Decent Work in the Green Economy was published by the  Mowat Centre at the University of Toronto, in cooperation with the Smart Prosperity Institute at the University of Ottawa.  In addition to economic modelling, the analysis and policy discussion is based on an extensive literature review as well as expert interviews and input from government, industry, labour and social justice representatives. Part of the purpose of the report is to initiate discussion “between those actively supporting the transition to a green economy and those advocating for decent work” as defined by the ILO.  Further, the report states: “ Importantly, this conversation must address the need for equal opportunities among historically disadvantaged and equity-seeking groups who currently face barriers to accessing decent work.”

A map of green building jobs in B.C.; Edmonton benchmarks its energy efficiency

On August 23, the Pembina Institute released an update  to the British Columbia Green Buildings Map, first launched in 2015 .  The updated interactive map of 2017 shows where approximately 20,000 energy-efficient homes and buildings are located throughout B.C..  Pembina’s research also states that there are 31,700 people employed in the green building sector – an impressive increase from the 23,200 in 2015, especially given the decline in energy-efficient retrofitting which occurred when the previous provincial government ended its LiveSmart rebate program in 2014.

Related documents recently released:  A discussion paper from  the Pembina Institute and The Atmospheric Fund, reminding  us that net-zero standards for  new construction will lead to a significant but insufficient reduction in GHG emissions –   retrofitting of existing buildings is also required. The Pan-Canadian Framework committed to the development of a national model code for existing buildings by 2022.   Energy Regulations for Existing Buildings  identifies the opportunities and challenges for the federal government to consider as it works with the provinces to create and implement supporting measures such as financing, incentives, and energy labeling, as well as ambitious and clear building codes and regulations.

From the Conference Board of Canada in August:  Doing More with Less: Energy Efficiency Potential in Canada.  The report surveys the existing studies about energy efficiency in Canada at the national and provincial level – highlighting the barriers that exist as well as the potential for savings in energy consumption and GHG emissions.  It concludes that energy efficiency measures such as incentive programs, retrofits, audits, land-use measures, building standards and renewable subsidies can substantially reduce Canada’s energy consumption, with the most promise for  energy savings to be found in lighting, space heating and household electronics for residences, and  lighting, computer and HVAC equipment in the commercial sector.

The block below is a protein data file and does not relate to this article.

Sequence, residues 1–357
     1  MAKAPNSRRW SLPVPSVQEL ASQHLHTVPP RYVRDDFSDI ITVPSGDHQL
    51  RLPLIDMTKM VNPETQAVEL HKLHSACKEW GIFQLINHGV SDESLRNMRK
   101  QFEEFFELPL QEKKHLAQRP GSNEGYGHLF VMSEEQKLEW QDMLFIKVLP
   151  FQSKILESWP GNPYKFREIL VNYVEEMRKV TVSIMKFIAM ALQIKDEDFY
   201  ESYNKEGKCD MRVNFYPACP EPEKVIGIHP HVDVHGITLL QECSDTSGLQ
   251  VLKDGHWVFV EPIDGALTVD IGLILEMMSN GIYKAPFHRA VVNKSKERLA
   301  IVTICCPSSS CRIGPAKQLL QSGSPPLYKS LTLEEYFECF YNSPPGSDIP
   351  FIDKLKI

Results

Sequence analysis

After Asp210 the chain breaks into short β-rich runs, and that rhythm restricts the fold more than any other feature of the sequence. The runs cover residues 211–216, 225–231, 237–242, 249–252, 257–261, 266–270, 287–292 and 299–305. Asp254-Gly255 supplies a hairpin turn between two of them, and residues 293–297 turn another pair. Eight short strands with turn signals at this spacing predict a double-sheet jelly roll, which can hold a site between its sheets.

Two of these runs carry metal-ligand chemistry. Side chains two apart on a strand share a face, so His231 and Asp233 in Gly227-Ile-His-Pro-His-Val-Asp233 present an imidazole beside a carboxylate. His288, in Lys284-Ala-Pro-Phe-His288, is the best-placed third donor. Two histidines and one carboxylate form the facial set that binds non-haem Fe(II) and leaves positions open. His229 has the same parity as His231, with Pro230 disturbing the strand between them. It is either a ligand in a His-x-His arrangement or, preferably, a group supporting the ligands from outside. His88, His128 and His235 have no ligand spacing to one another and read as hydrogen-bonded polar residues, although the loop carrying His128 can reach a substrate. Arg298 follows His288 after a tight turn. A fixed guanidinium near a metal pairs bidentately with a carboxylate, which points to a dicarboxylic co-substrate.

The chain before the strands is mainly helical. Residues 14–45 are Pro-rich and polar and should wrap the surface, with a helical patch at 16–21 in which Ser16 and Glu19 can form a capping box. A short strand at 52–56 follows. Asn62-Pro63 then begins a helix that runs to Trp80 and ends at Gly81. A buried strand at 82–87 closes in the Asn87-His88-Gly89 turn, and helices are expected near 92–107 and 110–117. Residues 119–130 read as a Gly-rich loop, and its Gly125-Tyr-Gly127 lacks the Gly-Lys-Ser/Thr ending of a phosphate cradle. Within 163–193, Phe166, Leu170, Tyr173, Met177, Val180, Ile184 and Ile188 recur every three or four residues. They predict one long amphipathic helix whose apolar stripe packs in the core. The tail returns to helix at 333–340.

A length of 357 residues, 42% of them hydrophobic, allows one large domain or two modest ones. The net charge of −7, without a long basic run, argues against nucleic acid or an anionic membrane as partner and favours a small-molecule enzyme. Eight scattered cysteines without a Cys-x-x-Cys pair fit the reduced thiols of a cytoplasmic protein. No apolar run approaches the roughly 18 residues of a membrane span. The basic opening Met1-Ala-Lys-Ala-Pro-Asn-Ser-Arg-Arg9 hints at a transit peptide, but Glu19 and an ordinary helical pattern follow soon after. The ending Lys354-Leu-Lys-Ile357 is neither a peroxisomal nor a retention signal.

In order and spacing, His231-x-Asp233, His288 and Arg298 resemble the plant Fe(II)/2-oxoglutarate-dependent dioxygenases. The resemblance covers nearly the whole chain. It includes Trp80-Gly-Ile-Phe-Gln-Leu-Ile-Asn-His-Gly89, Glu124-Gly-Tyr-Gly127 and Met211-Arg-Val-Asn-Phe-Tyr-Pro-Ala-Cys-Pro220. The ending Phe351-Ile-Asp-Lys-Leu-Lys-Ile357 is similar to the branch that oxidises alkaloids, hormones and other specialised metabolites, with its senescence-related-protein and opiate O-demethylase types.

And on the ground,  the City of Edmonton, Alberta launched a three-year Large Building Energy Reporting & Disclosure pilot program in June.  Participants will benchmark the energy performance of the city’s largest buildings, using Natural Resources Canada’s Energy STAR Portfolio Management tool.  The full Program details are here ; a summary is here . At the end of the 3-year pilot, the city will evaluate whether to maintain the program as a voluntary one, or require mandatory reporting.

 

Decarbonizing Canada’s economy offers huge construction job opportunities

Columbia Institute jobs for tomorrowA July report asserts that Canada’s ability to meet our climate goals will be based on multiple paths to decarbonization, including construction of new electricity-generation facilities using renewable sources, including hydro, wind, solar, tidal, biomass and geothermal energy. In addition, it will require the construction and maintenance of more efficient buildings, and transportation infrastructure. The tradespeople who can build such low-carbon solutions include masons, boilermakers, pipefitters, insulators, electrical workers, glaziers, HVAC, linemen, ironworkers and others .

The July report,  Jobs for Tomorrow: Canada’s Building Trades and Net Zero Emissions   makes job creation projections for construction occupations, based on an aggressive emissions reduction target of Net-zero emissions by 2050  (Canada’s current national emissions reduction commitment is 30 per cent below 2005 levels by 2030) . Overall, the report concludes that the Net-zero emissions reduction target could generate nearly 4 million direct building trades jobs, and 20 million indirect, induced and supply chain jobs by 2050. Some examples from the report:  building small district energy systems in half of Canada’s municipalities with populations over 100,000 would create over 547,000 construction jobs by 2050. Building solar installations would create the next-highest level of construction jobs: 438,350. Building $150 billion of urban transit infrastructure (rapid transit tracks and bridges, subway tunnels, and dedicated bus lanes) would create about 245,000 direct construction jobs by 2050.

Jobs for Tomorrow is much more than a laundry list of job projections. Authors Tyee Bridge, Richard Gilbert, and Charley Beresford were supported by advisers Lee Loftus, President BC Building Trades; Bob Blakely, Canadian Operating Officer, Canada’s Building Trades Unions; and Tom Sigurdson, Executive Director, BC Building Trades. As a result, the report provides a depth of understanding of the construction industry, which is put in the context of solidly researched overviews of Canada’s current economic and climate change policy.  The report was commissioned by Canada’s Building Trades Unions (CBTU), an umbrella organization affiliated with 15 international construction unions, and released by the Columbia Institute, Vancouver. A French version, Les emplois de demain : Les métiers de la construction du Canada et les émissions nettes zero  is available here   .